Perhaps because she is so rooted in New Haven, the West Coast could only keep her for so long. In a “New Havener of the Year” interview in 2018 with the New Haven Independent, she recalled running a video production outfit called Students On A Mission for 14 years. Her first community was never far from her heart: it was those years in which she dreamed up programs like Kids T.V. that she would ultimately bring back to Newhallville. She returned to New Haven in 2001. When her mother passed away four years later, she and her cousin, Karen Tucker, took over the preschool. Years later, she received accreditation for the school, for which her mother had fought a decades-long battle.
It was in those years that Harris also met Erik and Sharon Clemons, who she recognized as “a super power couple” cut from the same cloth of faith, family, and community that was both tight-knit and expansive. For two decades, she said Sunday, it was her honor to share in their journey. She thanked the Clemons family for providing her with examples of what it meant to grow and nurture a neighborhood.
“I watched them as they pursued and cultivated a life of fullness,” she said Sunday, taking the stage in a pearlescent pink blazer that glowed beneath the lights. “But the examples that they radiated weren’t just for their family. They were for anybody that would receive them, and I thank you for that.”
From left to right: Joy Brown, and Erik and Sharon's daughters Nia, Nyle Clemons, and Kai Clemons. Their eldest, Kiara Osborn, was home with her own two daughters.
In that time, Clemons also watched her help Newhallville and New Haven thrive. Even as she ran Harris & Tucker with her cousin—itself a full-time job—Harris grew her impact in the neighborhood she had always called home. She began attending meetings of the Newhallville Community Management Team, of which she is now the chair. In 2018, she spearheaded the One City Initiative, a city-wide effort to create fun, affordable, and safe summer programming for New Haven kids. It ultimately brought in over 10,000 people, and became a blueprint for many of the city’s summer programs that still exist this year.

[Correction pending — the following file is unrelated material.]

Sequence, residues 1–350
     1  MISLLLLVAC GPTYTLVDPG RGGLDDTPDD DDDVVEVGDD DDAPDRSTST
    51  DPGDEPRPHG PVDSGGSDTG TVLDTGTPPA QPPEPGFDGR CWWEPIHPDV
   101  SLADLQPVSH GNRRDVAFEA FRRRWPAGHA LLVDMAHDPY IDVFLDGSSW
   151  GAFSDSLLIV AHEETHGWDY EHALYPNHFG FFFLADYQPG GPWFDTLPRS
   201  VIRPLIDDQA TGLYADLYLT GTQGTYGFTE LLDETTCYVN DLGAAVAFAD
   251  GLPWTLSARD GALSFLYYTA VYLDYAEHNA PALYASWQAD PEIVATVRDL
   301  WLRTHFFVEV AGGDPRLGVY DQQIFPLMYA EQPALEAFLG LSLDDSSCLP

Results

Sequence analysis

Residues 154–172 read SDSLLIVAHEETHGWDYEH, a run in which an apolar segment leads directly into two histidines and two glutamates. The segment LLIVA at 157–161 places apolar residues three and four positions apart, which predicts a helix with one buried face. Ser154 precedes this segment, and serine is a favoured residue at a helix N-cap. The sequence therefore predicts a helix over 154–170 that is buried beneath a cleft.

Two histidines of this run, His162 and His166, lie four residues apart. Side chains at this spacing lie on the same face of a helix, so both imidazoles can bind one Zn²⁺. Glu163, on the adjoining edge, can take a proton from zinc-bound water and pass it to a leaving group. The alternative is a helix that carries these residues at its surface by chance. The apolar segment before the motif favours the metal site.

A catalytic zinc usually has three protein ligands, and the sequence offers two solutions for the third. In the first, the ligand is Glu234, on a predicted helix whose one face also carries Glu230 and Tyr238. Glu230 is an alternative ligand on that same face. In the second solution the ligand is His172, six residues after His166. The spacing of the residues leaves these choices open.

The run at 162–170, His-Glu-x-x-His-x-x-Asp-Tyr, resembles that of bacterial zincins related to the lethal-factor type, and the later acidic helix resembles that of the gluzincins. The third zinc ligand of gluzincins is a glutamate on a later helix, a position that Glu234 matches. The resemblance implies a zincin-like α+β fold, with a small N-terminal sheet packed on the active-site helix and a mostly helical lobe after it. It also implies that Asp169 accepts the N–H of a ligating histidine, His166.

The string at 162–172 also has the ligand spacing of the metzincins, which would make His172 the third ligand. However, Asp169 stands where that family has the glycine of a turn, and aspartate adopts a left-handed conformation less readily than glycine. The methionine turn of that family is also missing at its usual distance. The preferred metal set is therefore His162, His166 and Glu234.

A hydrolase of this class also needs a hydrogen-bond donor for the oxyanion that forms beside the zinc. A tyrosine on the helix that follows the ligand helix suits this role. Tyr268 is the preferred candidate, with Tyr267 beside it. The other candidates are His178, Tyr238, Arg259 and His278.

Harris, in many ways, was just getting started. In late 2018, she launched Inspired Communities, Inc., a grassroots effort aimed at bringing Newhallville residents together one program at a time. When the Covid-19 pandemic hit the city in March 2020, she kept Harris & Tucker running and helped organize food and diaper drives in the neighborhood. Last year, she pounded the pavement for Ward 20 Aldermanic Candidate Devin Avshalom-Smith, whose win last November ushered in new leadership for the neighborhood.
This summer, she is continuing to grow that work with “Camp One City,” a summer program that works with the Community Alliance for Research and Engagement (CARE) to address social determinants of health one kid at a time. She is also working to build out a reading nook and computer lab at 324 Shelton Ave. as part of her work with Inspired Communities.
In the past six months, she and those members have been part of an effort to stop the APT Foundation from building a methadone clinic at 794 Dixwell Ave., in the now-vacant shell of a former elementary school. It’s just one way she has seen that people—including those who have been historically left at the margins—are stronger when they work together towards a common goal.
“Community cultivation is a process that takes time, hard work, lots of people, and love, “ Harris said Sunday, starting to cry as she approached the end of her speech. “To the Sharon Clemons family, I thank you for the process that paved the way, and for bringing validity, value and honor to the work that my team and my community do every single day.”
To watch the ceremony from Sunday night, click on the video above.